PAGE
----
Trenton Leads the East in Production of Insulators, Etruria Pottery of Charles Cook makes wall tubes


Publication: The Trenton Times

Trenton, NJ, United States
vol. 22, p. 1, col. 3-4




Porcelain Is Being Used by Local Pottery With Result That Promise

Great Things for the Future Ceramic Industry Revived by

Brisk Orders from Buyers.


Porcelain insulators the first made anywhere east of Pittsburg are being turned out in goodly numbers at the Etruria pottery of Charles Howell Cook.

The product is absolutely new in this section of the country. There is an excellent demand for it and shipments are made constantly throughout New England to the South, and particularly to New York, Philadelphia, Baltimore and Washington.

The tubes are fired in all lengths from two to 50 and 60 inches. They have centre borings of from five-six-teenths of an inch up to six inches, and the outer rim is in all instances less than one-eighth of an inch in thickness.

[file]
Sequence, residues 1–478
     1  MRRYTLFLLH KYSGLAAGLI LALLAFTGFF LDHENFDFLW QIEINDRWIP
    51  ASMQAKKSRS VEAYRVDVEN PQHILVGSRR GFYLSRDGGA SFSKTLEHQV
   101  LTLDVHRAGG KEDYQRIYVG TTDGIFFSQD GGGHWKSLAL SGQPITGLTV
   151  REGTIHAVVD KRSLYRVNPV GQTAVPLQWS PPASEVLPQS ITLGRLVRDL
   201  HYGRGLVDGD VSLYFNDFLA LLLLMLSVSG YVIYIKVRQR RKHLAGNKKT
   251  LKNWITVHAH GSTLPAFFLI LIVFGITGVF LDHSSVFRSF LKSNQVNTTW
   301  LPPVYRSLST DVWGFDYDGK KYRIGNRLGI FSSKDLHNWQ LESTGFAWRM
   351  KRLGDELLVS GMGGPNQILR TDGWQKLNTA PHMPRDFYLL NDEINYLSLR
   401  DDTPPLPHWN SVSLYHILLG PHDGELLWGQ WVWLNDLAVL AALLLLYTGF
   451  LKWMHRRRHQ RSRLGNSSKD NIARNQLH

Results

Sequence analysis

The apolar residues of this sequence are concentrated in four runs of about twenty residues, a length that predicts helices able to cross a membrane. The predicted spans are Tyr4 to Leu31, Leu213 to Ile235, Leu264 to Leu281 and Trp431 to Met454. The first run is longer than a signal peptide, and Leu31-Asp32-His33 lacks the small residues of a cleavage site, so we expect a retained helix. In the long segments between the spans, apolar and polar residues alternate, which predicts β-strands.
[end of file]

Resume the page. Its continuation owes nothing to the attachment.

Porcelain tubes are competing with iron ones in the electrical market, and are used for piercing walls, taking electric wires through other electrical fittings and for general services where non-conductors are necessary. Porcelain tubes are particularly safe in case of fire and in buildings damaged by burning, protect the walls so long as they remain intact.

In several recent instances the porcelain tubes of the Etruria pottery have been placed in office buildings in New York, Boston and Philadelphia, and are said to give most satisfactory results.

The capacity for producing the porcelain insulators is . . . [illegible text] . . .

Keywords:Etruria Pottery : Cook Pottery Company
Researcher notes: 
Supplemental information: 
Researcher:Bob Stahr
Date completed:January 2, 2007 by: Elton Gish;